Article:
This aircraft was designed in the mid 1930s to replace the RAF’s Heyford biplane bombers. The prototype flew in 1936, began entering service in 1937 and they were the air force’s first monoplane bomber. They were longer and larger than most other bombers of the time because they were also planned to be used as troop transports to the far reaches of the British Empire. They took part in the first air raids on Germany but were largely obsolete by 1941 and had been replaced in front line service by more modern aircraft by 1942. However, they were used in secondary roles such as maritime reconnaissance for a few more years.


I made this model using the Frog kit that was first published in 1972, and was subsequently published in many different boxings. There was also a Fly kit published in several versions between 2011 to 2014 which always looked suspiciously like the Frog kit to me but, on looking again, isn’t. I might have saved myself a great deal of stress and grief had I known that when I decided I wanted a model of a Whitley. A detailed build review of this kit that can be seen on MMScalemodels demonstrates that an excellent model can be made from the Fly kit. Despite this, the general consensus is that the Airfix kit that was first published in 2015 is the Whitley kit that you need. The reviewer for Fine Scale Modeler noted many positive points and no negative ones while the reviewer for Hyperscale concluded what it was a ‘lovely build’.

Hawker Hurricane Mk I in 1/72 by Airfix
This aircraft was, like the previous two, designed in the mid 1930s to replace the RAF’s existing biplane aircraft. The prototype made its maiden flight in November 1935, they were introduced to service in December 1937 and the RAF had eighteen Hurricane squadrons at the beginning of World War II. It was rugged and reliable, could be adapted to many roles and over 14,500 had been manufactured when production ended in 1944. Many now recognize the Hurricane as the hero of the Battle of Britain and it went on to serve with equal success in most areas of combat during the war.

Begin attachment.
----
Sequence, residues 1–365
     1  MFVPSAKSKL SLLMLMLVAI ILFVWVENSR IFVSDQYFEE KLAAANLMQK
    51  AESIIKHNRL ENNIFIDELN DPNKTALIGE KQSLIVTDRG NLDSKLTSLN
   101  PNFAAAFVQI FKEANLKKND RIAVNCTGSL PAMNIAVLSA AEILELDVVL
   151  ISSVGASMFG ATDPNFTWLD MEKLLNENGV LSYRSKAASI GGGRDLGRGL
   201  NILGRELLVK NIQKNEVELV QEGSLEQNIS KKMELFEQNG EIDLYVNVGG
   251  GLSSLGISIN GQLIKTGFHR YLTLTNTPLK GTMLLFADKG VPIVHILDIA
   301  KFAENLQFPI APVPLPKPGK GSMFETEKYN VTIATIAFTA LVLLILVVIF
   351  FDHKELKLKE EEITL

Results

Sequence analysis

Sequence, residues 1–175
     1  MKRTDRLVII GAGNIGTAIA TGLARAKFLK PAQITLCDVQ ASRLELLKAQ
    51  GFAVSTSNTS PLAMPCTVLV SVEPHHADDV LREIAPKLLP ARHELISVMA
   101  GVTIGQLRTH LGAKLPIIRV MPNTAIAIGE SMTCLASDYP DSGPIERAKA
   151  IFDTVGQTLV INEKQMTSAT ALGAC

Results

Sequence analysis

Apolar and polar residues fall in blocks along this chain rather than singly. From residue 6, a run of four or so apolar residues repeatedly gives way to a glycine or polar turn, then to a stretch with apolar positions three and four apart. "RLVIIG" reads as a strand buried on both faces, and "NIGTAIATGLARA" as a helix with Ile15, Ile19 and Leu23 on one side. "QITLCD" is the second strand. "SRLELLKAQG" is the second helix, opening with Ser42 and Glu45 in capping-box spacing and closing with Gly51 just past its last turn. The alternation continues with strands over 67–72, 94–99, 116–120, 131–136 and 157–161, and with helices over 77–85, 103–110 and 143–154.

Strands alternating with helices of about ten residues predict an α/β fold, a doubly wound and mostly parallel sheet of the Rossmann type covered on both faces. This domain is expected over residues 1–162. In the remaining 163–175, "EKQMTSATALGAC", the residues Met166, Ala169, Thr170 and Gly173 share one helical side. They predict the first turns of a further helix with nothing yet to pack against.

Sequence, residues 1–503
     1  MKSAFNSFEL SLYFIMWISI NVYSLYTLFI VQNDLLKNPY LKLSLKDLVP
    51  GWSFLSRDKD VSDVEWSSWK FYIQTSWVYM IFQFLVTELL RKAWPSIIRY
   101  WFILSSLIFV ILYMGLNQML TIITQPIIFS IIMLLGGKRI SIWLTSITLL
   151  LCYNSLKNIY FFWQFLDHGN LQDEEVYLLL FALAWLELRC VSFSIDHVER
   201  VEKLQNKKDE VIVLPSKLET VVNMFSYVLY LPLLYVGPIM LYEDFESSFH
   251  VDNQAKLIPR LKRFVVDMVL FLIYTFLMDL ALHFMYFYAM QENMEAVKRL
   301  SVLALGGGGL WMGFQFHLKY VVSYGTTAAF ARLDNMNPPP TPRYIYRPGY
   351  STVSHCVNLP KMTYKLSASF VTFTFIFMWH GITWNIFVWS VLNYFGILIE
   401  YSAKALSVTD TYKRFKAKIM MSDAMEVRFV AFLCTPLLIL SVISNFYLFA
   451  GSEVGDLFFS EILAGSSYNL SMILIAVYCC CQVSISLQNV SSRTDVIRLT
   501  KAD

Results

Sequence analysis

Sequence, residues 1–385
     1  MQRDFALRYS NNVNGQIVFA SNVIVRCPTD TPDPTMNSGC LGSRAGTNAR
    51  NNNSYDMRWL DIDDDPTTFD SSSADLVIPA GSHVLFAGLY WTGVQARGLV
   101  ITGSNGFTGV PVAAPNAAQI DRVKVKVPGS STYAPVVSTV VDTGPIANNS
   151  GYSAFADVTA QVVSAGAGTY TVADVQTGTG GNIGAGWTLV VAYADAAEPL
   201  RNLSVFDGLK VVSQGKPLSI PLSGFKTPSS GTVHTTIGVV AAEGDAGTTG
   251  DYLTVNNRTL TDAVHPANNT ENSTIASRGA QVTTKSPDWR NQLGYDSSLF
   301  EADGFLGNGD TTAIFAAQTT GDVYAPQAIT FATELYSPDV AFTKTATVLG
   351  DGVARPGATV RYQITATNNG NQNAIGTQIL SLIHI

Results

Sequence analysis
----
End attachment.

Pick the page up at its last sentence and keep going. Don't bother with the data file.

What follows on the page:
Let me be brief about this one. I made this model from the 1978 Airfix new-tool kit which was reckoned to be a very good kit in its day. Since then, however, any kit making company worth its salt has made a Hurricane including; Hasegawa (1995), Academy (1997), Revell (1998), Hobby Boss (2005), AZmodel (2010) and Airfix again (2013). The Fine Scale Modeler review concluded that the Airfix kit would be suitable for beginners and that ‘experienced modelers will enjoy it as a respite from more demanding builds’. That sounds like my kind of kit but, for those of us who want the best and top of the line kit of the Hurricane, the choice has to be the Arma Hobby kit that was first published in 2018 and is now available in several versions. ‘Beautiful’, ‘excellent’, ‘some of the best I’ve seen in this scale’ and ‘awesome bargain’ says one review in Hyperscale. If I feel the urge to make another Hurricane I know which kit I’ll be buying.

By the way, we are building a Special Display featuring a number of Hurricanes of various marking in a variety of colour scheme that you can see here.